Rebecca Gibney is a joy to watch in this cheerful odd-couple romcom

Under the Vines ★★★½

The upbeat and economical set-up suggests from the outset that this breezy series knows exactly what it is, where it’s going and how it’s going to get there. Creator and co-writer Erin White opens her warm-hearted comedy-drama by efficiently introducing the central characters. Sydney socialite Daisy Munroe (Rebecca Gibney) is seen flitting around at a fundraiser for pangolins, dropping cash without concern, and then discovering to her dismay that her credit card has been cancelled.

Meanwhile, disgraced London lawyer Louis Oakley (Charles Edwards) sits disconsolately in a jail cell. A record of his exploits during a drunken night on the town have gone viral and earned him the nickname “Piccadilly Willy”, and his wife Simone (Sara Wiseman) and 11-year-old son Julian (Sam Gardner) are now even less impressed with him than usual.

Rebecca Gibney as Daisy Munroe in Under the Vines.Credit:Jae Frew/AcornTV

Daisy and Louis soon discover that they’ve inherited a New Zealand winery when Daisy’s benefactor step-father, who is Louis’ uncle, dies. Each mistakenly believes that they’ve become the sole proprietors. Cut to NZ’s South Island and the tourist-brochure-ready landscape of central Otago, as the pair arrive in the fictional town of Peak View and an odd-couple, fish-out-of-water, romcom escapade begins with them bickering about ownership and control.

The formula is familiar but the six-part first season of Under the Vines – a second is due to drop on streaming service Acorn on March 20 – combines the stock elements with considerable charm, pep and competence. The romcom thread sees the mismatched antagonists gradually discovering each other’s attributes. Daisy’s a sunny spirit accustomed to the good life, but also a wily woman who can deploy her assets to her advantage. She’s the seemingly superficial flighty blonde who’s easily under-estimated. By contrast, Louis is a grouchy, uptight Pom trying to calm her down and endeavouring to keep a firm, and what he regards as a pragmatic, eye on the business’s bottom line, while increasingly finding himself disarmed by her. He’s also a man who’s hit rock bottom but possesses skills that are handy in this situation.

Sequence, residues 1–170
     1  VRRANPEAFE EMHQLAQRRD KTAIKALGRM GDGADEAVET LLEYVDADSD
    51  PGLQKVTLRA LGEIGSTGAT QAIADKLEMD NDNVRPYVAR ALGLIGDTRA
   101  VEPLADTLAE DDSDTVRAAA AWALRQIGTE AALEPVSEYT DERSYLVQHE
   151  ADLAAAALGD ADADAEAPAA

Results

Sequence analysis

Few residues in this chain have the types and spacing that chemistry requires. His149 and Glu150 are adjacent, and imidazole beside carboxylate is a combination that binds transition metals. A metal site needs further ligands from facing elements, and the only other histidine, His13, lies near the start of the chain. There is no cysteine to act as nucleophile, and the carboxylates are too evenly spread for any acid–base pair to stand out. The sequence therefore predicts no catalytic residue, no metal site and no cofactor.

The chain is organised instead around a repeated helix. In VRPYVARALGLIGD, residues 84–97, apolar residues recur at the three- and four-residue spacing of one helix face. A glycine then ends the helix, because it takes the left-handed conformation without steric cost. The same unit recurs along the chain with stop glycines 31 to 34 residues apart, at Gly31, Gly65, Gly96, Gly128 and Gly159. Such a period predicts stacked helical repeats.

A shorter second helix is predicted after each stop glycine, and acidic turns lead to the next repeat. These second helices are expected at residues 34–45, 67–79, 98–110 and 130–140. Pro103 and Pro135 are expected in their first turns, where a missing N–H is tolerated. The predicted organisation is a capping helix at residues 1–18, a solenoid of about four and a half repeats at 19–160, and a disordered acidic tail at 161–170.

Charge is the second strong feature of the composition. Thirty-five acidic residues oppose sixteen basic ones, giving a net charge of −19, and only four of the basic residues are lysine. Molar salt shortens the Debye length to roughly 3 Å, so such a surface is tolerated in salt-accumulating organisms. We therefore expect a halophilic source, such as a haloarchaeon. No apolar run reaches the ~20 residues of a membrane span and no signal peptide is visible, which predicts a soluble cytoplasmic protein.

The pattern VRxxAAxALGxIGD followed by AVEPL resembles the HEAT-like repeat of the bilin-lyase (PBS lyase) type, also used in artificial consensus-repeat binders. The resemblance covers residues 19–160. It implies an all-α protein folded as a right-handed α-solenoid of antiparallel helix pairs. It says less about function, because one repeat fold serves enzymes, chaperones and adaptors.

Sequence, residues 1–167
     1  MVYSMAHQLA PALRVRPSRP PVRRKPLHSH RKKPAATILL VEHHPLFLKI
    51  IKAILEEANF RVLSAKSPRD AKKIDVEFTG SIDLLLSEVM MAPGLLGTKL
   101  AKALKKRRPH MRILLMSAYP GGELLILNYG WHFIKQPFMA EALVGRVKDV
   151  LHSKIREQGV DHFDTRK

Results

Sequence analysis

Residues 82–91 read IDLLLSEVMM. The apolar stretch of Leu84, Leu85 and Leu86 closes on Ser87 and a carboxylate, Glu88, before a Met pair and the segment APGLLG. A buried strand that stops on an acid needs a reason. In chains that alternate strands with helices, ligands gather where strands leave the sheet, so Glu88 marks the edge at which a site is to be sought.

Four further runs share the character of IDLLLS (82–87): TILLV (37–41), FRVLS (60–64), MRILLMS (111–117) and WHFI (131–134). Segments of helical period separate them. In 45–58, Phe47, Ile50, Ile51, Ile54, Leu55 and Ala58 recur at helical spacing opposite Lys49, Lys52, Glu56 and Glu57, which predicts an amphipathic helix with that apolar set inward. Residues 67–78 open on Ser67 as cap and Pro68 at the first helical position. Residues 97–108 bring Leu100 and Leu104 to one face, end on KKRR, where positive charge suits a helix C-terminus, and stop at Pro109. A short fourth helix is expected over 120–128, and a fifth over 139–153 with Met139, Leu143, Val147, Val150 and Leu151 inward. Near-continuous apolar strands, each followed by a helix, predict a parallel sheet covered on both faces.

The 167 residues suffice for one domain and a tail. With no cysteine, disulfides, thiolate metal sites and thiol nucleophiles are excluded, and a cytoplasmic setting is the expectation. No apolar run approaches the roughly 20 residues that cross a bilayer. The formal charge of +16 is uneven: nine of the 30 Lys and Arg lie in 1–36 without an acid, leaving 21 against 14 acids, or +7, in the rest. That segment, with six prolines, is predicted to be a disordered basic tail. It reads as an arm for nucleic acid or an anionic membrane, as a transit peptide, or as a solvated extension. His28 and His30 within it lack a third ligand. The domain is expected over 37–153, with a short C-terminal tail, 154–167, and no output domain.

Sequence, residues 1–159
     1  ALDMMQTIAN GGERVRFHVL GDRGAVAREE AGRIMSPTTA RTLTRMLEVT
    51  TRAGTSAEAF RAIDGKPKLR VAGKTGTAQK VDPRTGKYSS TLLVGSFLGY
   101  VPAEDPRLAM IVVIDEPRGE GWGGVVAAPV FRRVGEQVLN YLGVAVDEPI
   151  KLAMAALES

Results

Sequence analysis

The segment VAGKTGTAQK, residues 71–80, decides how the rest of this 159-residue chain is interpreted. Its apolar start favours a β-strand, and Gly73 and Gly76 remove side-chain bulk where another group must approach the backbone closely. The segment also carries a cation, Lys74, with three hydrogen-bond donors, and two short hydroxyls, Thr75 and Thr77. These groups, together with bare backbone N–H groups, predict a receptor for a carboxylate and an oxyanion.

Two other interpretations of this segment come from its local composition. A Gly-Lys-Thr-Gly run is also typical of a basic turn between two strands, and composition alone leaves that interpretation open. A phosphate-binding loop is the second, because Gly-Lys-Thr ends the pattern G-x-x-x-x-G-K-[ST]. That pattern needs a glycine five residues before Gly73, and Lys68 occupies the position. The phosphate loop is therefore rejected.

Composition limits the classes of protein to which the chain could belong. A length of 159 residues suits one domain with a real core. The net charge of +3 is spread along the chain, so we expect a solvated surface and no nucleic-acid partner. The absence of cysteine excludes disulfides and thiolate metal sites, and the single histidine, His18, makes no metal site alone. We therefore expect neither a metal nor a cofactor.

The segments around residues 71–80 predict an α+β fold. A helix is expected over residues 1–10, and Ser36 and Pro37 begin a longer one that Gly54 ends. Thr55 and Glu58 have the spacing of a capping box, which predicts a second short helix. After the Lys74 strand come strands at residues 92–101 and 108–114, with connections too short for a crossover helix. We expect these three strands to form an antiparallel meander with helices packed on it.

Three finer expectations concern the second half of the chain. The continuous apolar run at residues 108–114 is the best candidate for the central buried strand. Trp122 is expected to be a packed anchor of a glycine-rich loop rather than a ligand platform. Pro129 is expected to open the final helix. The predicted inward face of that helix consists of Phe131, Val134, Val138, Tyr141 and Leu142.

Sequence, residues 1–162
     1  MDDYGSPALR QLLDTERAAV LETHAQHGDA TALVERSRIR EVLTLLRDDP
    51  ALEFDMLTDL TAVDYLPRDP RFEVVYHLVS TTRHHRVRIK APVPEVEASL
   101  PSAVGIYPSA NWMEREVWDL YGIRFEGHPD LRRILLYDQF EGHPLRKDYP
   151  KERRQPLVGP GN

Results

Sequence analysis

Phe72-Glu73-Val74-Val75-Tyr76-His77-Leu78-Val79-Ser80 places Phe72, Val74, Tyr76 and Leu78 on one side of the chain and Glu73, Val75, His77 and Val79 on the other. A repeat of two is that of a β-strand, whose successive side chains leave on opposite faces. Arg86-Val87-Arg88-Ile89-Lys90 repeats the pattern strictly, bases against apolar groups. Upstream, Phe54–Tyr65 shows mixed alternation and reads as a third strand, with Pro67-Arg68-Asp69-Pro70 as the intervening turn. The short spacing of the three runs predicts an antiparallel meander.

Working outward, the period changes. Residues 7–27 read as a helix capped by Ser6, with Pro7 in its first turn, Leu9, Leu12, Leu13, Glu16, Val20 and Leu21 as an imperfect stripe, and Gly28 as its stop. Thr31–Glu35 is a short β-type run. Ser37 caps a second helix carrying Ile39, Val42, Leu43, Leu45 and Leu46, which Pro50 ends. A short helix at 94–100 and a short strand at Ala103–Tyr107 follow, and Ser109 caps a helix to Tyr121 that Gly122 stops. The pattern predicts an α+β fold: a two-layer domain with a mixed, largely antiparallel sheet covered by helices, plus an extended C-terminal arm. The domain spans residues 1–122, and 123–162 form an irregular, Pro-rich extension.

The city slickers become strangers in a strange land and need to become acquainted with the nature and politics of Peak View, which, as the template requires, are blithely quirky. Unwritten laws include always picking up local hitchhikers – the obligation doesn’t extend to tourists – and not allowing livestock in the library, although the latter is flexible, depending on the circumstances.

Gibney and Charles Edwards lead an appealing cast in Under the Vines.Credit:Jae Frew/Acorn TV

With the Oakley winery come employees Tippy (Trae Te Wiki), a wary and wise young Maori woman, and Gus (Simon Mead), who’s open-hearted and often bare-chested, along with a three-legged cat named Pussy Galore who initially makes herself scarce. The house that Daisy and Louis must share looks like it’s been loved but allowed to become a bit shabby, its ’80s dark-wood decor suggesting a disinclination towards renovation.

The comfortable, if unfashionable, abode poses a stark contrast to the schmick modernity of the neighbouring Shimmering Lake enterprise with its neutral tones and spectacular water views. Its owners, Don (John Bach) and Marissa (Sarah Peirse), are soon circling Oakley with intent, offering to take the struggling business off its new owners’ hands and portraying their bid as an act of goodwill. Local lore has it that “no one says no to Marissa”, and the always terrific Peirse looks to be having a fine time as the steely, sharp-eyed matriarch.

Also notable among the members of the local community are the sweet but largely ineffectual lawyer, Vic (Cohen Holloway), his welcoming wife, Nic (Carrie Green), a committed but apparently talent-free potter, and Rowan (Lotima Pome’e), a canny and confident pre-teen entrepreneur. Running the nearby Coven winery, inclined to garden in the nude and keenly attuned to her own creative powers is Hilary (Catherine Wilkin).

The well-cast and appealing ensemble provides solid support for the leads and the role of Daisy allows Gibney, who’s also an executive producer, an opportunity to exercise her comic chops as she totters around the vineyard in wildly inappropriate designer outfits and skyscraper heels.

She’s fun to watch, as is the show. It won’t rock the foundations of the TV world, but Under the Vines knows what it wants to be as feelgood TV and achieves its goal.

Under the Vines is on ABC, Saturday, 8.20pm and ABC iview.

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